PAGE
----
Something like a year ago I took the $10 speakers that I had loaned Caitlin and started cutting them up for a project. Half way through I discovered that not only was it going to be difficult to disentwine the cables and controls from holes in the plastic case, but to make matters much worse, the jackass “if it breaks, buy a new one” manufacturer had filled the guts of the speaker with hot glue, covering all the fine cables and electronics. This afternoon I finally picked it up again, and slowly ground away the case bit by bit, and then carefully went at the glue — I felt like an archaeologist clearing a dinosaur fossil — finally getting me a minimal pile of pieces that had suffered a minimal amount of damage (which tested my mediocre soldering skills but I just barely passed). All I’ve done for now is mount them in coffee cans (which wounds surprisingly improved, and can be set up with a variety of EQ-like effects by whether you have the lid on and how you orient the can), but maybe I’ll get more ambitious later.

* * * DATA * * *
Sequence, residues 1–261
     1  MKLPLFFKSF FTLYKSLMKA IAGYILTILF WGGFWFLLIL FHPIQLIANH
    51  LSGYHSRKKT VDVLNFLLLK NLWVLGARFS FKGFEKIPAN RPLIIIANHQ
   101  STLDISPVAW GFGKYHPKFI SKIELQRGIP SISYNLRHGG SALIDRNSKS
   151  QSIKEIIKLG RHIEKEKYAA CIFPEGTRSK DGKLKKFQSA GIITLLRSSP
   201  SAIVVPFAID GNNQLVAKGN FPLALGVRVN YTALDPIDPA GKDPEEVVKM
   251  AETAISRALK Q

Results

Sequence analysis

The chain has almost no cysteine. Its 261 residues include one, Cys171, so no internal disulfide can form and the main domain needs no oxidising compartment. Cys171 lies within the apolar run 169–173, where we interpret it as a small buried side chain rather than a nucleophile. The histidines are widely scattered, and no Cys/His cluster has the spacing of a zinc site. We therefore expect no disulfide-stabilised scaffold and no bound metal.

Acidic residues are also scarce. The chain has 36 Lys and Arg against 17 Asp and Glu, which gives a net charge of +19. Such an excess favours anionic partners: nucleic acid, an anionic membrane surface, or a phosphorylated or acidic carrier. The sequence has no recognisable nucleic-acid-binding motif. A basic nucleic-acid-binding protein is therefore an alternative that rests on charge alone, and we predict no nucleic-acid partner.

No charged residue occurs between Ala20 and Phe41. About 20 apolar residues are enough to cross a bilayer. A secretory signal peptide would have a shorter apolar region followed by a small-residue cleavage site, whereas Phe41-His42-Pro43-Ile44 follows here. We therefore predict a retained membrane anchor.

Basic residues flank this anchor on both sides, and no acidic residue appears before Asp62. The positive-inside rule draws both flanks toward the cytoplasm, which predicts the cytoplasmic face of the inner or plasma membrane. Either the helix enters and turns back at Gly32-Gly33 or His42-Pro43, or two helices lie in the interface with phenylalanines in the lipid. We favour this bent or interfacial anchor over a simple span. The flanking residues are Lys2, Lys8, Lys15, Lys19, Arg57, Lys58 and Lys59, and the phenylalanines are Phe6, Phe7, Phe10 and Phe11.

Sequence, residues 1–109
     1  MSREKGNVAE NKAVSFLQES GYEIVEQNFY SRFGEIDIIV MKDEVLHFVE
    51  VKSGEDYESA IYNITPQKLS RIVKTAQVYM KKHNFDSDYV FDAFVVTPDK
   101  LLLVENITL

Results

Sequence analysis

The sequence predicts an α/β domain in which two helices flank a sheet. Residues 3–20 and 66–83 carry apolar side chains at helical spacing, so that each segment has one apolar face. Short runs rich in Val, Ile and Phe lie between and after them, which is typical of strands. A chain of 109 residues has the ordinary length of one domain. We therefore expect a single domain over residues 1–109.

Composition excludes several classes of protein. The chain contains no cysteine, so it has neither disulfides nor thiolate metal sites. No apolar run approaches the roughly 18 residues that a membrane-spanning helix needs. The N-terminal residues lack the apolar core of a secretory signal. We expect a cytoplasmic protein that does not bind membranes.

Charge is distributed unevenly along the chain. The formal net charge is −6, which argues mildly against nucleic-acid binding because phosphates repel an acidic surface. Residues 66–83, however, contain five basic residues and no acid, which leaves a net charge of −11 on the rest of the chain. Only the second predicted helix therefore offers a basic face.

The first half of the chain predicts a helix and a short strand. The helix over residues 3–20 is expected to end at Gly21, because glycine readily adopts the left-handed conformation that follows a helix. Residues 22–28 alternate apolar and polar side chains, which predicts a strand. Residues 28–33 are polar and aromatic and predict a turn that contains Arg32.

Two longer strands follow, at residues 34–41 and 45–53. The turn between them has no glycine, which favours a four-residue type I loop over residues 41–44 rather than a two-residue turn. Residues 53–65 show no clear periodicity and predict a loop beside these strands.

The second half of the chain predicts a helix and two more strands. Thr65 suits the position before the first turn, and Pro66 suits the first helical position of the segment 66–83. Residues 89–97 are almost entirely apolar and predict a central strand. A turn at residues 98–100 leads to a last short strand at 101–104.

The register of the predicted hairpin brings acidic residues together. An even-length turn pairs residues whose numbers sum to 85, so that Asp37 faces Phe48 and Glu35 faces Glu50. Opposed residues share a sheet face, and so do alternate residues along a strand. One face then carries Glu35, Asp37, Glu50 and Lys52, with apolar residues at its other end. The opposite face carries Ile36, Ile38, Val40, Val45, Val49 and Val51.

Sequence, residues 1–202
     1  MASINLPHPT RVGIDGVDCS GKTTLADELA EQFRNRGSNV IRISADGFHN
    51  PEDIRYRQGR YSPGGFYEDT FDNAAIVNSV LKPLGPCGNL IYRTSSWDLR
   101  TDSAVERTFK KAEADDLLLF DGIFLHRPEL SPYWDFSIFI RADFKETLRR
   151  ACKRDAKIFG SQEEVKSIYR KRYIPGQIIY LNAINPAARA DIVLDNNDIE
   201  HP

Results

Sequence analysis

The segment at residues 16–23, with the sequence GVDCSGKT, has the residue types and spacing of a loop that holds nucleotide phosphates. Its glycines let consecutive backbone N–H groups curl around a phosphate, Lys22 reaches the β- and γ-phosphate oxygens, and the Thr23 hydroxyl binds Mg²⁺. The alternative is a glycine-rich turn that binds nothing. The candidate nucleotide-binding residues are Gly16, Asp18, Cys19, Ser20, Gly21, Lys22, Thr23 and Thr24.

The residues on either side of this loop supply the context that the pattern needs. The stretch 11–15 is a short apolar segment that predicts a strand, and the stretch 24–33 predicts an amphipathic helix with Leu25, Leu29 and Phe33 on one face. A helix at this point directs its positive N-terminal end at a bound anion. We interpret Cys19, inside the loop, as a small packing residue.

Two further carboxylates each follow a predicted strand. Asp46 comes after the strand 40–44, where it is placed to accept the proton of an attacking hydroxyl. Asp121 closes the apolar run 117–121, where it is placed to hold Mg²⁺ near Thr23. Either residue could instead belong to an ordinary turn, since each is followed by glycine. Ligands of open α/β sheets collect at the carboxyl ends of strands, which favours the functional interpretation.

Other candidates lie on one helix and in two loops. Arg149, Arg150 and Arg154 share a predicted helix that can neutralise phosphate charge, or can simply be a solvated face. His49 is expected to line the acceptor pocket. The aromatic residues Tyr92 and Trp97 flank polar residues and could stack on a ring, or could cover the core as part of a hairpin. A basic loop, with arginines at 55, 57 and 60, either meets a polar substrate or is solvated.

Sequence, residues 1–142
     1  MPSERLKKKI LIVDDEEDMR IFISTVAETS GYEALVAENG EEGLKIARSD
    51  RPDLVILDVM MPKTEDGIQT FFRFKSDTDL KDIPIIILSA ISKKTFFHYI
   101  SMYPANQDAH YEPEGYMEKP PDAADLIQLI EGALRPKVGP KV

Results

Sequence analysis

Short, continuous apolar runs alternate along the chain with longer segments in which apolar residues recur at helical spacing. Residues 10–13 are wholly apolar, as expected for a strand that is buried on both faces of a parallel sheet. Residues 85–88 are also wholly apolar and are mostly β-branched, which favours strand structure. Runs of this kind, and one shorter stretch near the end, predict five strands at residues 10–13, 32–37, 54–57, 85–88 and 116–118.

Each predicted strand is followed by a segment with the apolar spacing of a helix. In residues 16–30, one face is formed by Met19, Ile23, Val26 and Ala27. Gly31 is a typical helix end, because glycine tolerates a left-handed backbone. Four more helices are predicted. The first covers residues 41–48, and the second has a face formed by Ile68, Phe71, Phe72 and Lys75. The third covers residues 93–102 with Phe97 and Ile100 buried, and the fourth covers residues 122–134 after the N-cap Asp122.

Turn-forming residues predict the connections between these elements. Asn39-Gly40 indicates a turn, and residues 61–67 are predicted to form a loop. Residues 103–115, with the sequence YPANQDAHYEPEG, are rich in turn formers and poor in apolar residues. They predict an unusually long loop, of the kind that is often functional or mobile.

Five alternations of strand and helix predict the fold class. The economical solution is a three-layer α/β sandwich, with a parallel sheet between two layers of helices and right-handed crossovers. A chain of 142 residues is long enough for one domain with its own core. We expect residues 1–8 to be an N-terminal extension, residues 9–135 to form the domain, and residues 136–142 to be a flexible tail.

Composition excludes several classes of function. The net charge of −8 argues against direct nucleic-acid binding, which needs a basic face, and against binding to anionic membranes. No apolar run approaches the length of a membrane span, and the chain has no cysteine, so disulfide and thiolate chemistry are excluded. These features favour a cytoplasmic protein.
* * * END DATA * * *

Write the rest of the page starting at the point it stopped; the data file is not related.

I read somewhere lately that in the “olden days”, when you’d buy an appliance the manual would contain plenty of technical reference, component listings, schematics and exploded view diagrams, and so on… This is of course a rarity today and I can’t think of a single modern example other than a few things in the open source world (like Arduinos) which arguably doesn’t count. Anyway, I don’t know if I’m going to boycott products without manuals, but do you really have to spray the innards with glue to make me repairing or modifying my own property difficult? It’s like some sort of preemptive vandalism.